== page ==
I have spent the last two months in the greater Yellowstone ecosystem working on a book about public lands, wildlife and people’s connection to ‘wild’ spaces. I’ve had countless conversations with strangers about the famous bison calf who was put into the back of a tourist’s car and then euthanized by the park service when the herd failed to take it in. The sensational headlines have grabbed the public, demonized the sympathetic father and son, blaming them for a tragedy that likely was never going to have a happy ending for the lone calf. Not one person I met had thought about how the tourists got the calf into the car or read the few articles in circulation that include perhaps the most important fact: the calf was not happily standing by mom before it took that famous ride in the back seat of an SUV. It was likely already abandoned.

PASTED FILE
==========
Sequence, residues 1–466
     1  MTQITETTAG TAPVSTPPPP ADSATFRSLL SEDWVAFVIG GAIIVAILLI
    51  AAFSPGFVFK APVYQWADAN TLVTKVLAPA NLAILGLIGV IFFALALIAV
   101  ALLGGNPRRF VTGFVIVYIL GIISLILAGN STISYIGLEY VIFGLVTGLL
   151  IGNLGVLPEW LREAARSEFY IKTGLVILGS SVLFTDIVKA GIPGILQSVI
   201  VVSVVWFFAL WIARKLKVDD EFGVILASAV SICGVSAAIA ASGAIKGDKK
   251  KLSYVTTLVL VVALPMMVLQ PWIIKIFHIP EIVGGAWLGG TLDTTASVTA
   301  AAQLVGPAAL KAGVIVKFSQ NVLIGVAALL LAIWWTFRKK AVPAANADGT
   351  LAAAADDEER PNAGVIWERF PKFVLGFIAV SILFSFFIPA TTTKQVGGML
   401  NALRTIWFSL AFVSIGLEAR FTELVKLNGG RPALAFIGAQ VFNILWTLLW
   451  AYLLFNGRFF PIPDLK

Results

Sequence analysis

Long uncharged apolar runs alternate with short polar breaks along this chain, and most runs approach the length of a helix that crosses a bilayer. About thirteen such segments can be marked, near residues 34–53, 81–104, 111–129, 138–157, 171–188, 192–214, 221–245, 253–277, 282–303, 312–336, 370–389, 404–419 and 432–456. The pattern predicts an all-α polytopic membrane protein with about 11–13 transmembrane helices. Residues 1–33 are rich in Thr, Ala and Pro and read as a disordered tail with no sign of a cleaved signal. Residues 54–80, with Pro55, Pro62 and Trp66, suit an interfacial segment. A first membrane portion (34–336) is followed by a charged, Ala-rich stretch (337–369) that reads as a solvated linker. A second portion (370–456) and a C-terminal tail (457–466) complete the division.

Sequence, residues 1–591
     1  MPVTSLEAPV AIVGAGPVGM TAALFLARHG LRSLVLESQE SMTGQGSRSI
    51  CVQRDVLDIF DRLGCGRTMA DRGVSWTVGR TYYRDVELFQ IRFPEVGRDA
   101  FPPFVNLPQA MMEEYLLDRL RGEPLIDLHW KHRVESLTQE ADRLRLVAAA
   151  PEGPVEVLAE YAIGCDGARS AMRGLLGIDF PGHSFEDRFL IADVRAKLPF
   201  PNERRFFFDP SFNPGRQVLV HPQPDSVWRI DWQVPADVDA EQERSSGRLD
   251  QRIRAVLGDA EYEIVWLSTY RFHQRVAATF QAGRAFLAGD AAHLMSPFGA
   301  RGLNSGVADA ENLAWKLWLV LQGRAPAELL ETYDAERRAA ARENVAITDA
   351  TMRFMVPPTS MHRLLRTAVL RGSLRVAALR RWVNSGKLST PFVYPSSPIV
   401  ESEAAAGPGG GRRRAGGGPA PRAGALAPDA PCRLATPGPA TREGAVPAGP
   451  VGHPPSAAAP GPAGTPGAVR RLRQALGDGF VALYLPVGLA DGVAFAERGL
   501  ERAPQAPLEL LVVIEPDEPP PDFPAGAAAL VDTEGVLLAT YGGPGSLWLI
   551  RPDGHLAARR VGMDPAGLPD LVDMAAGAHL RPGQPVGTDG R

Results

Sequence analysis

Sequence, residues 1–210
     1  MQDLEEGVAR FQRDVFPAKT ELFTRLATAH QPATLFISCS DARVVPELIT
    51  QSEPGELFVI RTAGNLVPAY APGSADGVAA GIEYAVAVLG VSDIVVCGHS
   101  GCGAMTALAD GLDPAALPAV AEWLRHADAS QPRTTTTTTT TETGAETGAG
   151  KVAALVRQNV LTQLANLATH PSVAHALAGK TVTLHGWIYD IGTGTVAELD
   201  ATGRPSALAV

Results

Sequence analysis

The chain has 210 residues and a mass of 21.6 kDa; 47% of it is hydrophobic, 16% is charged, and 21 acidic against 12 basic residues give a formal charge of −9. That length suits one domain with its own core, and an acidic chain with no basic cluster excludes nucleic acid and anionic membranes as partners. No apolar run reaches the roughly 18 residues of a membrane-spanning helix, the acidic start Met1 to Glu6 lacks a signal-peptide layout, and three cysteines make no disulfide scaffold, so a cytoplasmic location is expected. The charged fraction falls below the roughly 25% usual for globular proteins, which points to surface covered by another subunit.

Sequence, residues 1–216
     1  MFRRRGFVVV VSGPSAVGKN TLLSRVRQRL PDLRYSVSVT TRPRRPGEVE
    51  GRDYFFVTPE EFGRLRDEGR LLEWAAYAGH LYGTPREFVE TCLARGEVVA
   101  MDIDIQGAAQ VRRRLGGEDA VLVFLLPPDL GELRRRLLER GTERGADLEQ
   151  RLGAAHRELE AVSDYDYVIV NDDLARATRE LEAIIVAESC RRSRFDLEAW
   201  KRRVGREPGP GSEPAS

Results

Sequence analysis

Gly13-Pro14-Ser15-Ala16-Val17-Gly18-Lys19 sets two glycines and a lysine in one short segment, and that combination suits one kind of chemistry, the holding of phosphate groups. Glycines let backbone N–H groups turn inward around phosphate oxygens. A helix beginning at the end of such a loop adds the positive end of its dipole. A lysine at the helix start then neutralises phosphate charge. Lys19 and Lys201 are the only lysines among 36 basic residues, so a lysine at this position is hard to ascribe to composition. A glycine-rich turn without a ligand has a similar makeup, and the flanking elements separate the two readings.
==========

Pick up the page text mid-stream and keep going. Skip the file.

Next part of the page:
Fifteen minutes into the open ocean from Oahu’s north shore the great Pacific rolled beneath a gray sky. The warm, moist air was smooth and smelled of salt and diesel fumes from the boat’s rumbling motor. The motor puttered to a hush as Nick secured the bowline to the mooring and the sound of light wind returned to our ears. Around and below us the ocean stretched forth, rich and solid. Within her, gray shapes passed below.
The thin branches of a huckleberry tree fluttered slightly, then shook unexpectedly; teardrop green leaves brushed each other with a soft rustling as their delicate homes shifted up and down. A moment of stillness, then the rounded head of a black bear appeared, following a sniffing wet nose towards the dark, round berries.